Invasion of Berne - successful!As you explore, you may notice these small graffiti mosaics, in the style of Taito's "Space Invaders". There are some 29 in Bern, the work of an "Unidentified Free Artist". They've appeared on the walls, bridges and roofs of many cities around the world, including Basel, Geneva and Lausanne. And still they come: "Game Not Over". Consider buying a map and doing the space invader tour - though in midsummer 2018 the Invader's online shop is closed.
phone: +41 31 328 09 44address: Hodlerstrasse 12Huge collection including Pablo Picasso, Ferdinand Hodler and Meret Oppenheim, and all the big names over eight centuries.
phone: +41 31 350 04 40address: Helvetiaplatz 4A museum describing all aspects of the Swiss mountains: geology & tectonics, glaciers, weather, wildlife, agriculture & settlement, and alpinism and winter sports. With a large collection of artwork, e.g. paintings by Ferdinand Hodler.
phone: +41 31 359 01 01address: Monument im Fruchtland 3The Centre is a modern building formed of three waves. The ground floor is a rotating exhibition drawn from some of Klee's 4000 works - to Oct 2018 this is "Cosmos Klee". Downstairs are other artists - to Oct 2018 this is Etal Adnam. Klee was celebrated for his "child's view" of the world and his work is so accessible and fun, eg his wacky glove-puppets. A short walk across the adjacent park brings you to his grave. The Centre is included on the "Berne card" so you'll recoup the Fr. 20 straight away.
address: Grosser Murisalder 6Run as an outstation of the city's Dählhölzli Zoo, the bear pit has a tunnel through to a bosky enclosure along the steep river bank, around which the bears can roam and swim. There are three: Finn (b 2006) is Daddy Bear, Björk (b 2000) is Mummy Bear, and Ursina (b 2009) is their daughter. Björk has been sterilised so there will be no more cubs: "More space for fewer animals" is the zoo's motto. These are Eurasian brown bears, Ursus arctos arctos, with a round head and yellow-brown fur; they remain common in the wild in Central & East Europe.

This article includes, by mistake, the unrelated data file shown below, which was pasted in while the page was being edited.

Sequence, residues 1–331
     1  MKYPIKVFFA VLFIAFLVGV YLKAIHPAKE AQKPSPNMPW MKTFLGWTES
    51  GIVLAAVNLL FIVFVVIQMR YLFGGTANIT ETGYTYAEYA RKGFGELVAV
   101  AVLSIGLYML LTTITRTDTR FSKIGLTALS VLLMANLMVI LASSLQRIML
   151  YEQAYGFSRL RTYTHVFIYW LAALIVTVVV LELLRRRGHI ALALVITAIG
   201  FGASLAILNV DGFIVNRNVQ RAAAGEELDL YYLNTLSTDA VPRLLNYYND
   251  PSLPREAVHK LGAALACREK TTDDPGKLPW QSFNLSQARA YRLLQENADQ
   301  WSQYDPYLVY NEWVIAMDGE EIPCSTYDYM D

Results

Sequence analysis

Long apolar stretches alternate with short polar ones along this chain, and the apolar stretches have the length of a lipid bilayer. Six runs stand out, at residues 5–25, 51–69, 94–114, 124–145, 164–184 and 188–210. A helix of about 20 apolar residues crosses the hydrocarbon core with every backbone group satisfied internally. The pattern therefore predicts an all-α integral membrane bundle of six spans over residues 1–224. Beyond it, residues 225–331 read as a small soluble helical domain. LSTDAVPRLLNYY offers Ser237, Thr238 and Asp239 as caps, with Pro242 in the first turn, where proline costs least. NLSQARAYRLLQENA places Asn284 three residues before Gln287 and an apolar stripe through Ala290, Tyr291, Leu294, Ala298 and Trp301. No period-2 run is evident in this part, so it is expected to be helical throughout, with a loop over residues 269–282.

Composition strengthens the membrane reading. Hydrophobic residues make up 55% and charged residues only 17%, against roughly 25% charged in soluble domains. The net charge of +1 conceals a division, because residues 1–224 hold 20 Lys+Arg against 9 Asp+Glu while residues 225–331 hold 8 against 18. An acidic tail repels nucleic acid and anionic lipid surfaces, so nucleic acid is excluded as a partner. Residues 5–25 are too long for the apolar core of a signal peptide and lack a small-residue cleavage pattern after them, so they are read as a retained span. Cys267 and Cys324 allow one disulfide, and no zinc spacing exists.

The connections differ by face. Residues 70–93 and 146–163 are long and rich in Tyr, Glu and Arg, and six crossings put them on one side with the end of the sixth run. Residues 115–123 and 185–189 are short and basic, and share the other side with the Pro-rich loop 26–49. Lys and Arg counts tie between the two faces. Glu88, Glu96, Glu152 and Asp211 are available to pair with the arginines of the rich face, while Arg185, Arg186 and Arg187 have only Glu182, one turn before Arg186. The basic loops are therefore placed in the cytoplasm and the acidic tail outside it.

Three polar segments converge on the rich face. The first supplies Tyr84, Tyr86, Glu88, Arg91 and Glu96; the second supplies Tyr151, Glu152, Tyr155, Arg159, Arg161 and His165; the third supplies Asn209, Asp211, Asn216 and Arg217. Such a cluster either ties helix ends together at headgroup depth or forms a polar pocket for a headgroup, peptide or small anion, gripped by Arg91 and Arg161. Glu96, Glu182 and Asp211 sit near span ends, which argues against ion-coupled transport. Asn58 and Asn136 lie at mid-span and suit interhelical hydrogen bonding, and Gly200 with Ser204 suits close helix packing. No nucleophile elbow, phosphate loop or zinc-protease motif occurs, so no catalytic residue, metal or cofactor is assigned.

A second smaller pit is bare of bears but describes the history of the pits. Next to this is the Old Tram Depot, see "Eat".
phone: +41 31 357 15 15address: Tierparkweg 1Berne's zoo is along the Aare river, with many outdoor enclosures that incorporate the river.
GurtenThe Gurten is a lovely hill just outside the city. It features a park and great view over the city on one side and a nice panorama of the Bernese alps on the other. The park is visited heavily by locals to play ball, to barbecue or to just lie in the sun. Tourists are not an unusual sight, though this little attraction is missed by most of the many that visit the city. Hiking paths lead in all directions and you will almost certainly stumble across some cows when walking around. A wooden look-out tower allows an even better panorama than that you would already have. If you get hungry or thirsty, a good budget restaurant service and self-service provides you with all you need. Families with children should not miss the cool playground. The Gurten can be easily reached with tram number 9 from the railway station in Berne in direction Wabern. Exit the tram at station Gurtenbahn and walk a few steps up the hill. Then take the Gurtenbahn , a panorama train that will bring you on top in just 5 minutes, round-trip tickets are Fr. 9 for adults or Fr. 4.50 for children (BernCard is valid), departure usually every 20 minutes depending on daytime. A club called up-town features various cultural events on weekends and once a year in summer national, European and a few international music stars (among others Alanis Morissette, Skin, Moloko and Jimmy Cliff in 2003) visit it for the Gurtenfestival, an open-air music festival . Gurten is a must see for everybody visiting the city for longer than a day.
RosengartenLittle park with a splendid view over the old town. Situated close to the bear pits (follow the path that goes up the hill opposite the bear-pit-roundabout. Quite popular (and populated) during lunchtime. The Rosengarten can be easily reached by bus number 12 from the railway station in Berne in direction Zentrum Paul Klee.
- Watch football ie soccer at BSC Young Boys, who play in the Swiss Super League, the top tier of Swiss football. They play at Stade de Suisse, capacity 32,000, 1 km north of city centre.